Before I started reading Refiguring Bodies by Elizabeth Grosz, I was watching CNN. One of the top stories was entitled “Slutwalk.” I found that to be very intriguing since the term did not seem to be politically correct.  An organizer for the protest against sexual violence proclaimed “Its not about the name, its about the message.” The first paragraph of Grosz reminded me of the Slutwalk protest.  “The body has remained a conceptual blind spot in both mainstream Western philosophical though and contemporary feminist theory. Feminism has uncritically adopted many philosophical assumptions regarding the role of the body in social, political, cultural, psychical, and sexual life and, in this sense at least, can be regarded as complicit in the misogyny that characterizes Western reason.”

The global movement was sparked by a comment made by a Canadian police officer to a group of college women after a rash of sexual assaults on their campus that in order to not be victimized they should stop dressing like sluts. A diverse group of women marched down the streets of New York chanting “Stand up! Fight back! Stop the violence!” in solidarity. Many protesters wore “provocative clothing” or lingerie during their march. A protester declared that rape has been used as a form of torture and genocide and that clothing is not an excuse to rape an individual. You don’t have to look like Pamela Anderson to be a victim of rape. An organizer’s reply to the officer’s ignorant comment was as follows, “Not only was this a ridiculous and inaccurate statement (women wearing trousers get raped. So do women wearing tracksuits, t-shirts, jeans, jumpers, skiing jackets and burqas), it was incredibly damaging to women around the world, painting them as perpetrators — rather than victims — of a disgusting, violent crime.” Another protestor said that she was “marching because her best friend still thinks that her rape was her fault, because the authorities never looked into it, and because it will always haunt her. And that is not OK.” And another remarked: “We live in a society that ranges from publicly shaming the victim of an honor-rape to insinuating that a rape victim may have somehow ‘led her attacker on’ through her clothing or demeanor.” There is much truth in these statements and that is disgusting to say the least.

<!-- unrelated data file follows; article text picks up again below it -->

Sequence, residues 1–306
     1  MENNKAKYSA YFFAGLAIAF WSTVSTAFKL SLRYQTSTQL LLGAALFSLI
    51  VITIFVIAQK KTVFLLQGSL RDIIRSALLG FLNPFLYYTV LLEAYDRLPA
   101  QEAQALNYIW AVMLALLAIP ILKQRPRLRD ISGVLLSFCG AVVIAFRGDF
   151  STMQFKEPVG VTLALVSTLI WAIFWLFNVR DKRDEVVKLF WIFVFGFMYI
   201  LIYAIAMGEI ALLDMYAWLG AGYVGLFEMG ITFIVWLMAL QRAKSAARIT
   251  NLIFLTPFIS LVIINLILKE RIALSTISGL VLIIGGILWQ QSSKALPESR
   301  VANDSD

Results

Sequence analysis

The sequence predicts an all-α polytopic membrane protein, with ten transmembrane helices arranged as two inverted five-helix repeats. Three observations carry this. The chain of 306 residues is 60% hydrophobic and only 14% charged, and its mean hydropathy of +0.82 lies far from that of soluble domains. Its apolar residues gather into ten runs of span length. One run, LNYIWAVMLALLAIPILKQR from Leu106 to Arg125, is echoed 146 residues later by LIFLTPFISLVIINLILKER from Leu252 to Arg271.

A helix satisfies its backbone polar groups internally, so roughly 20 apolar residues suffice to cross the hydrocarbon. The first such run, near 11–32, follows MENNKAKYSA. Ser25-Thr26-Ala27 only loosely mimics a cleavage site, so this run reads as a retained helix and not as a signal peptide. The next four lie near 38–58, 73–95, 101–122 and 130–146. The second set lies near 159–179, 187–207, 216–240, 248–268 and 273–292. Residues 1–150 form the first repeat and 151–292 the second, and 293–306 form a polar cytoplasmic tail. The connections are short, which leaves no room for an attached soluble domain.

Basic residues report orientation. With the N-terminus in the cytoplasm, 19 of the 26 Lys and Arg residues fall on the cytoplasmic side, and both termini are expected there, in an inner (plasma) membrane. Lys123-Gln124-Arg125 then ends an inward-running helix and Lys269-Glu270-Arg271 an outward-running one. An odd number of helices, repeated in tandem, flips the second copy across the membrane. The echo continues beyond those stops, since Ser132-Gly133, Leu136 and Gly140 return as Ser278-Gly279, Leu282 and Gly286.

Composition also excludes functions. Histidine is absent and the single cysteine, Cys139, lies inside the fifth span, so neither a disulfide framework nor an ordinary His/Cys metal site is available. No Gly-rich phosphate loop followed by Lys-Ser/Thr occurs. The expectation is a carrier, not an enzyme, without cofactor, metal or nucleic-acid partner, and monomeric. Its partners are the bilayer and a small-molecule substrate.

“SLUTWALK” Video: http://www.cnn.com/video/#/video/us/2011/10/09/baldwin-ny-slut-walk.cnn

The amount of rapes that go unreported are astounding. As stated in class, IU has a very low conviction rate in rape cases. According to the annual Security Report with Crime Statistics by IUPD, there were less than 30 sex offenses both forcible and non-forcible reported to IUPD or BPD in 2010. It would be hard to convict offenders if the offenses go unreported.  However the judicial system also brings difficulty when trying to convict rapist. Only recently, did the law change in favor of women.  Before 1974, the law required corroboration. Many men (who were also law makers) thought that it was abhorrent that a man could be convicted solely on the unsupported testimony of a woman. The law upheld the man and the man’s honor. Unlike robbery or burglary, when a woman has been raped they may never get over it. Women are entitled to special considerations by the judicial system.